Americans who were active tended to be happier and experienced poor mental health about 35 days a year. In contrast, those who remained inactive felt bad emotionally about 53 days a year, reported Entrepreneur.com. Exercising in a social setting – team sports, classes, and group cycling, for instance – appeared to deliver the biggest mental health benefits.

The study’s findings indicated it might be possible to exercise too much. “Exercising for 30-60 minutes was associated with the biggest reduction in poor mental health days…Small reductions were still seen for people who exercised more than 90 minutes a day, but exercising for more than three hours a day was associated with worse mental health than not exercising at all. The authors note that people doing extreme amounts of exercise might have obsessive characteristics which could place them at greater risk of poor mental health.”

If you’re not exercising regularly, you may want to find ways to include it in your day.

Weekly Focus – Think About It
“I have always tried to put my kids first, and then…put myself a really close second, as opposed to fifth or seventh. One thing that I’ve learned from male role models is that they don’t hesitate to invest in themselves, with the view that, if I’m healthy and happy, I’m going to be a better support to my spouse and children. And I’ve found that to be the case: Once my kids were settled, the next thing I did was take care of my own health and sanity. And made sure that I was exercising and felt good about myself. I’d bring that energy to everything else that I did, the career, relationship, on and on and on.”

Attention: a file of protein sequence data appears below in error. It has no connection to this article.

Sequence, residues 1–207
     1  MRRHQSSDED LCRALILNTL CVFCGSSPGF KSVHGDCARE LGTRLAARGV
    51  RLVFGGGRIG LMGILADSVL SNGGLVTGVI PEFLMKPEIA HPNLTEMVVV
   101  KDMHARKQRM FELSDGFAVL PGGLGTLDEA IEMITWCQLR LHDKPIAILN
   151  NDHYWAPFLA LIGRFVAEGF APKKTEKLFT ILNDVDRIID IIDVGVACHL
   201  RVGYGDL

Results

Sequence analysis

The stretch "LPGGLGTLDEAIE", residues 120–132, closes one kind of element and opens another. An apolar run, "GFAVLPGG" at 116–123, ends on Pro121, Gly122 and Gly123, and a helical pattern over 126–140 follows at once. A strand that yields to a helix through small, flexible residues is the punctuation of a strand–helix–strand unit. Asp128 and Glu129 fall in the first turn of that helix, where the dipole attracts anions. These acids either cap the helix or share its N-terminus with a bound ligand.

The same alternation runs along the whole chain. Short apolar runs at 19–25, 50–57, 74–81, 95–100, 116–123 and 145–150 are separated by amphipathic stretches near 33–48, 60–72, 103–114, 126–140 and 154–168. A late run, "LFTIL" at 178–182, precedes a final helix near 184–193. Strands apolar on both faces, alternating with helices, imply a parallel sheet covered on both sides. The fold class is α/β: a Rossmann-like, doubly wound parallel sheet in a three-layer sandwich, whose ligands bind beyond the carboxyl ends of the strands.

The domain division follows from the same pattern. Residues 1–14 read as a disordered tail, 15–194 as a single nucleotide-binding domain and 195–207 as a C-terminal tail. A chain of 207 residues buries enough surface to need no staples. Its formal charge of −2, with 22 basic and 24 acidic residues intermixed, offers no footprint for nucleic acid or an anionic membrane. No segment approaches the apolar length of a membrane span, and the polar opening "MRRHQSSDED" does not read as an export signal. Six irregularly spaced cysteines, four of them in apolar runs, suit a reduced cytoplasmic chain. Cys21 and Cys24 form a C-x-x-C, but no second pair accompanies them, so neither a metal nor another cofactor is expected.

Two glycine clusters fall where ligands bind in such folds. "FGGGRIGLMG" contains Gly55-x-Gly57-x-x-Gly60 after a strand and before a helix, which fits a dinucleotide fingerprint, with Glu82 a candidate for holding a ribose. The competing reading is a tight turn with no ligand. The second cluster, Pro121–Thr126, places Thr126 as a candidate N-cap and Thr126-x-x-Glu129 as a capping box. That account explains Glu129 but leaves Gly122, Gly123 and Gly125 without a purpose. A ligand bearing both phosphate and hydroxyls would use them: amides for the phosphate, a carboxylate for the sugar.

–Michelle Obama, Former First Lady of the United States

Best regards,
John F. Reutemann, Jr., CLU, CFP®

P.S.  Please feel free to forward this commentary to family, friends, or colleagues. If you would like us to add them to the list, please reply to this email with their email address and we will ask for their permission to be added.

Investment advice offered through Research Financial Strategies, a registered investment advisor.

S&P 500, Dow Jones Global ex-US, Gold, Bloomberg Commodity Index returns exclude reinvested dividends (gold does not pay a dividend) and the three-, five-, and 10-year returns are annualized; the DJ Equity All REIT Total Return Index does include reinvested dividends and the three-, five-, and 10-year returns are annualized; and the 10-year Treasury Note is simply the yield at the close of the day on each of the historical time periods.
Sources: Yahoo! Finance, Barron’s, djindexes.com, London Bullion Market Association.
Past performance is no guarantee of future results. Indices are unmanaged and cannot be invested into directly. N/A means not applicable.

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* Government bonds and Treasury Bills are guaranteed by the U.S. government as to the timely payment of principal and interest and, if held to maturity, offer a fixed rate of return and fixed principal value.  However, the value of fund shares is not guaranteed and will fluctuate.
* Corporate bonds are considered higher risk than government bonds but normally offer a higher yield and are subject to market, interest rate and credit risk as well as additional risks based on the quality of issuer coupon rate, price, yield, maturity, and redemption features.
* The Standard & Poor’s 500 (S&P 500) is an unmanaged group of securities considered to be representative of the stock market in general. You cannot invest directly in this index.
* All indexes referenced are unmanaged. Unmanaged index returns do not reflect fees, expenses, or sales charges. Index performance is not indicative of the performance of any investment.
* The Dow Jones Global ex-U.S. Index covers approximately 95% of the market capitalization of the 45 developed and emerging countries included in the Index.
* The 10-year Treasury Note represents debt owed by the United States Treasury to the public. Since the U.S. Government is seen as a risk-free borrower, investors use the 10-year Treasury Note as a benchmark for the long-term bond market.